What Other Animals Can One Look Forward To Seeing In Tasmania?
Aside from the Japanese macaques, there is an abundant amount of native animals to Tasmania that folks can look forward to hopefully having the opportunity to encounter. One of the favourites of domestic residents and international visitors alike is the wombat. These grazing marsupials are incredibly common in both Australia and Tasmania.
They are famous for their adorable disposition, with many tourists flocking to get a famous “wombat selfie“. An interesting fact about these little sweeties is that they use their big booties to fight off predators. Since they live in burrows in the ground, they will protect themselves and their young by hiding in the hole, with their butts facing out. Considering they are made up of mostly cartilage, they can handle taking some scratches and bites.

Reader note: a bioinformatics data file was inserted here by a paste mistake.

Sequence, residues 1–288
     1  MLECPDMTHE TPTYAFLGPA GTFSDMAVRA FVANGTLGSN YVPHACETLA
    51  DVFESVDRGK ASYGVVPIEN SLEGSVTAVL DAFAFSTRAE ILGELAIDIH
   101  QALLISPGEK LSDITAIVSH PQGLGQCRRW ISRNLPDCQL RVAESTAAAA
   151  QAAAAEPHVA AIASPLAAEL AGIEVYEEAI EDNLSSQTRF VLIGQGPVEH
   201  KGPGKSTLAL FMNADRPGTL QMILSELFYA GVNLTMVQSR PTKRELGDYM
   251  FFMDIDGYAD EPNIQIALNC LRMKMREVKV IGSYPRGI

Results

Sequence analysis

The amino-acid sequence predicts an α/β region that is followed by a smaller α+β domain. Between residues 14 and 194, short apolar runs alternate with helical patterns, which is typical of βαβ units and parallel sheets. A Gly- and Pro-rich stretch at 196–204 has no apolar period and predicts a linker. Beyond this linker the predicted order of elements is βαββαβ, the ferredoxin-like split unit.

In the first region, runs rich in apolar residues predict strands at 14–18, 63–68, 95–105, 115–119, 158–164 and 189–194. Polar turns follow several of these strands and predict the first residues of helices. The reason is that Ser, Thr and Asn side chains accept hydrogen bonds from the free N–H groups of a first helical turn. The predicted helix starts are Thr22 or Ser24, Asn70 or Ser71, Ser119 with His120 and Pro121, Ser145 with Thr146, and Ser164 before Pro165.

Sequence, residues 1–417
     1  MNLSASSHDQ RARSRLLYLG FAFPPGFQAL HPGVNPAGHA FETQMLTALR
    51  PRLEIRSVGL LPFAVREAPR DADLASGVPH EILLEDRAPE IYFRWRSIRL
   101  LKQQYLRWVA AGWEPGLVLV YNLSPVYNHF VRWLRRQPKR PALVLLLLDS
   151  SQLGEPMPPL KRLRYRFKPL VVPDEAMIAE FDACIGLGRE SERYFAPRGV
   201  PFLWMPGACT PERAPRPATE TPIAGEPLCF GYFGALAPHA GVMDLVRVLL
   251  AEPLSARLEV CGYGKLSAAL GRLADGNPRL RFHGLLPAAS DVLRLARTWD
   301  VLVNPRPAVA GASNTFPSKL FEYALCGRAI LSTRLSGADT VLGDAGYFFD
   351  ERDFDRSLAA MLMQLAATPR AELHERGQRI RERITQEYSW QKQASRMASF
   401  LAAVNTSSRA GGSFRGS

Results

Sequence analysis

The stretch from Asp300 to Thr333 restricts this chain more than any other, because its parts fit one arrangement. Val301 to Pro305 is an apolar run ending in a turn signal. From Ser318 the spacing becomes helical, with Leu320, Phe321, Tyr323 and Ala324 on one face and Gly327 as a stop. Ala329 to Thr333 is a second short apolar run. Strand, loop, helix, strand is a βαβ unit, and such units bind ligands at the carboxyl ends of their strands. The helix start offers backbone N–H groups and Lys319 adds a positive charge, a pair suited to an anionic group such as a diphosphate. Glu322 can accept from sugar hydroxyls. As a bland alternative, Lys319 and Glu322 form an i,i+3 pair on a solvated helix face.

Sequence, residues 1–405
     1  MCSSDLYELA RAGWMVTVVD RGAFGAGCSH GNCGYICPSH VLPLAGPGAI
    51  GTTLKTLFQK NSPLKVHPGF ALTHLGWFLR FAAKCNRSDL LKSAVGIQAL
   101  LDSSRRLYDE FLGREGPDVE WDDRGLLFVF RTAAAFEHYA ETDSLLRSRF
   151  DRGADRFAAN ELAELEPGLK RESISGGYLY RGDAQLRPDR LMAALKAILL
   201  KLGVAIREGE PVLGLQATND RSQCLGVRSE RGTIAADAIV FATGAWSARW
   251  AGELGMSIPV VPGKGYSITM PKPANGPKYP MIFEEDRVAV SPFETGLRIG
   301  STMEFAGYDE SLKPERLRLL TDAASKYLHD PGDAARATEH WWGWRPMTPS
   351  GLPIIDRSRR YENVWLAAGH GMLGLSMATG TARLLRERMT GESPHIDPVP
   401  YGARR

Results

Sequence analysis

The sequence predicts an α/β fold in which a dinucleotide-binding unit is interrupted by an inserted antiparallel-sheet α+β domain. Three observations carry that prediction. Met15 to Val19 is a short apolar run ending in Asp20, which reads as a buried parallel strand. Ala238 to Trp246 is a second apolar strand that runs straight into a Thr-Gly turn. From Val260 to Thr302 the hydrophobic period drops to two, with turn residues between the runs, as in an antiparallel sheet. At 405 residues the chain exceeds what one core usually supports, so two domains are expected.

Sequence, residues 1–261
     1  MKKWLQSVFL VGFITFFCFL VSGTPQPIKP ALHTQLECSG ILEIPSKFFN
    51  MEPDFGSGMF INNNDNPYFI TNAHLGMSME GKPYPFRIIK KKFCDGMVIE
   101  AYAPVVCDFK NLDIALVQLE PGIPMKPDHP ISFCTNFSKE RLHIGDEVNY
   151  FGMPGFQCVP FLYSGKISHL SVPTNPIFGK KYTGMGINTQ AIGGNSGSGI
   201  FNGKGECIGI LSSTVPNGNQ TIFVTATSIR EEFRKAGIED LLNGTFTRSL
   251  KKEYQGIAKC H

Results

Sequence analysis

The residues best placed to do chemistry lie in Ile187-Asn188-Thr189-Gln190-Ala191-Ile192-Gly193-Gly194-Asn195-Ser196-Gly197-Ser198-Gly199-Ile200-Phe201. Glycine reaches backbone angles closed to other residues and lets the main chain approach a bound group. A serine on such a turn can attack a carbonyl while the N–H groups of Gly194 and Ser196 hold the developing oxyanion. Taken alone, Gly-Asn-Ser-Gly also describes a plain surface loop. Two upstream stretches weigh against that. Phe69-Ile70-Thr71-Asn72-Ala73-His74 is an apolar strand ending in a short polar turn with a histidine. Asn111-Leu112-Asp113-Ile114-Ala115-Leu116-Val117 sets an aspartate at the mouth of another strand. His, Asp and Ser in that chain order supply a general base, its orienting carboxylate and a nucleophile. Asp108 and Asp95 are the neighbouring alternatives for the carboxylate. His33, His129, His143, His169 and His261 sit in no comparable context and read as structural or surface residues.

Another fantastic creature that one may have the possibility of seeing is none other than the duck-billed platypus. These sheer natural oddities are a sight to behold. Not only do these odd mammals lay eggs, but they are also considered to be venomous – sporting enormous and dangerous spurs on their back legs.
Last, but certainly not least, may be the most famous mammal of them all – the Tasmanian devil. These little night lovers are known for their nocturnal habits and for being the world’s largest carnivorous marsupial. Oddly enough, they got their name from their unearthly screaming and growling sounds. When settlers originally heard them, they assumed the screams were coming from evil spirits or the devil – hence the name!